This model has shown that the incidence of paediatric TB is higher than the number of notifications, particularly in young children. Estimates of current household exposure and cumulative infection suggest an enormous opportunity for preventive treatment.
Dr Peter J Dodd spoke about the strengths and weaknesses of the model used in this study.
“The main strengths are:
(i) this model does not use notifications in children (which we have good reasons to believe are short of true incidence and are poorly understood), and
(ii) it is a model with lots of stages along the way to disease, including exposure and infection, and it allows to generate many more outputs. The weakness is that we have to make many assumptions, each of which require some data that is imperfectly known to the informant.”
Dr Cherise Scott, Head of paediatric TB programme at TB Alliance, stressed upon the need for accurate estimates of paediatric TB burden to understand the magnitude of the problem, as well as the location of the problem in order to know where we need to work the hardest to ensure that appropriate treatment is available for children suffering with TB. Understanding the magnitude of the problem will also compel policy makers, donors and other decision makers to invest resources in this area.
She said that, “Understanding the burden of childhood TB is very complicated. We tend to miss many cases because-children are not brought into the clinic, or children are misdiagnosed for pneumonia and malnutrition. While physicians and community workers often fail to check for TB when they come across a child who has fever/cough/low weight, we also do not have a good confirmatory test for clinical diagnosis of TB in a child. If we can improve in these areas, we will be closer to having an accurate picture of paediatric TB burden.”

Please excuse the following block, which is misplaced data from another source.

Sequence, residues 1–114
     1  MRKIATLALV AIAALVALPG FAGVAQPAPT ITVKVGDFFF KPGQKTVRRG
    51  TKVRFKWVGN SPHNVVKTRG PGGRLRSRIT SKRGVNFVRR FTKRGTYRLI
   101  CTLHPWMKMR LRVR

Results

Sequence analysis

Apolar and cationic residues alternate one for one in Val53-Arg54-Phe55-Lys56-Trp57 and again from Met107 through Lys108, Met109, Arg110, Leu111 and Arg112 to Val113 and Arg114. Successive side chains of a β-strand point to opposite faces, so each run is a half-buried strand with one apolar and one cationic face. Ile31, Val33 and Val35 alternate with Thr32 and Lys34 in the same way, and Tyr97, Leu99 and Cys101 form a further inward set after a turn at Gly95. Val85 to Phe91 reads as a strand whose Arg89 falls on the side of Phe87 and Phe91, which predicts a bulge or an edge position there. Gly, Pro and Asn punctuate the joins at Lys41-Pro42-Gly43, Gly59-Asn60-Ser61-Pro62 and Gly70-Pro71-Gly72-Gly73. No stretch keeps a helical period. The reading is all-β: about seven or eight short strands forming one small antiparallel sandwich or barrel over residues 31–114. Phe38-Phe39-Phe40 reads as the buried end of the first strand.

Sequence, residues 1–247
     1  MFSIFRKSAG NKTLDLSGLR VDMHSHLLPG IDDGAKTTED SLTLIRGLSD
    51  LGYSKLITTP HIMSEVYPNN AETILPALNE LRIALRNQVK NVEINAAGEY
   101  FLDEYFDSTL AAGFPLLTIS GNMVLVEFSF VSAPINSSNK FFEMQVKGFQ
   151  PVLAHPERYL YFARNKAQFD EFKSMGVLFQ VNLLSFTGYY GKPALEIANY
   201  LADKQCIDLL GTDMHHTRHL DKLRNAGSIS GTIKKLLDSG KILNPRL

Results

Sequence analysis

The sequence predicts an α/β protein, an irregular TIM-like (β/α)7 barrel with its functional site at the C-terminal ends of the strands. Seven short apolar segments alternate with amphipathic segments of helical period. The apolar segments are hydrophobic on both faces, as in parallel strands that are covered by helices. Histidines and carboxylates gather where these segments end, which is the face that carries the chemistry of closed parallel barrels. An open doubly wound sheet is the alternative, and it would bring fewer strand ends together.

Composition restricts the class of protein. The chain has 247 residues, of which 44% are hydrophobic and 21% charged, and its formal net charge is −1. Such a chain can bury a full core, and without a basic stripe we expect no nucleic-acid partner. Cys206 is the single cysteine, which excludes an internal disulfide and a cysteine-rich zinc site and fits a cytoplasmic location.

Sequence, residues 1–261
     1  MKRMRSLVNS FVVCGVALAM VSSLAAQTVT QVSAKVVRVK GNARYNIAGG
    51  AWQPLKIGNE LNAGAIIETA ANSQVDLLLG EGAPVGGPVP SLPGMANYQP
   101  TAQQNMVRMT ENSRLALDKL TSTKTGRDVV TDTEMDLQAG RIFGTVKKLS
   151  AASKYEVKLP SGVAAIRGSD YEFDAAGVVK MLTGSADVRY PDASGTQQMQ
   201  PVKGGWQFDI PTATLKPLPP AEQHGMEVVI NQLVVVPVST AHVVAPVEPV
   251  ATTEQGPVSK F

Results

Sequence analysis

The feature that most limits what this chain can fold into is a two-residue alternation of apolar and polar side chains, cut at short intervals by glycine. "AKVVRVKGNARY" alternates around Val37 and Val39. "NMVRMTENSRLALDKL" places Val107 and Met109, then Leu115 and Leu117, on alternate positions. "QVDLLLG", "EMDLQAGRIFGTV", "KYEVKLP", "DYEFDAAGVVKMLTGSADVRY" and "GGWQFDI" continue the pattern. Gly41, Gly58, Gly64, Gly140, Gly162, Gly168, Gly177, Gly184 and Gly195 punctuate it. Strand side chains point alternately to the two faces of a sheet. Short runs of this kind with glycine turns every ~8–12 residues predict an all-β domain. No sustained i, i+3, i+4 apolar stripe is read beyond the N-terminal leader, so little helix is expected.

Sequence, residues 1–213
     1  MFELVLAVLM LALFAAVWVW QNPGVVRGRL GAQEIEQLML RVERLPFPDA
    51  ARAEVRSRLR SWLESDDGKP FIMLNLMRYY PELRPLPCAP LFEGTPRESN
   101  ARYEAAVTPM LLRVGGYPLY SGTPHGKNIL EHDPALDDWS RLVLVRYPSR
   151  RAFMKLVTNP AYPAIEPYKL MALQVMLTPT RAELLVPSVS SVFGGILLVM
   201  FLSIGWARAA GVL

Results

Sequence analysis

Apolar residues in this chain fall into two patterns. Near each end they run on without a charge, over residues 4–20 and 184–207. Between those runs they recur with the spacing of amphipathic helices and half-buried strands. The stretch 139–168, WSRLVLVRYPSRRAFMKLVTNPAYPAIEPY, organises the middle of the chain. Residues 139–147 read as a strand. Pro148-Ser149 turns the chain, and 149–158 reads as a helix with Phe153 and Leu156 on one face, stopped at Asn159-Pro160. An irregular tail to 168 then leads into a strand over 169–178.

“More people are now aware of childhood TB, many governments want to understand the problem in their specific context and are willing to partner and work with entities like the WHO and TB Alliance to improve their assessment and reporting of childhood TB. This is a great first step to identifying and reaching as many children affected by TB as we can, so that we can get them on treatment. TB is a curable disease and if we find children exposed to, or infected with TB, they can be treated and their lives can be saved.”
One of the major challenges in tackling childhood TB is to understand the scope of the problem. Results of this study will be taken into consideration and will be used for updating the estimates of childhood TB in the upcoming 2014 WHO Global TB report. Additionally, more research is expected and needed in order to even further define the paediatric TB landscape. Accurately quantifying the size of the market and burden of disease among children is necessary to understand the real demand for paediatric TB treatment and inform manufacturers’ efforts. Equally important is to understand the market dynamics that influence uptake and appropriate use of products. All of this will benefit from better epidemiological data in children.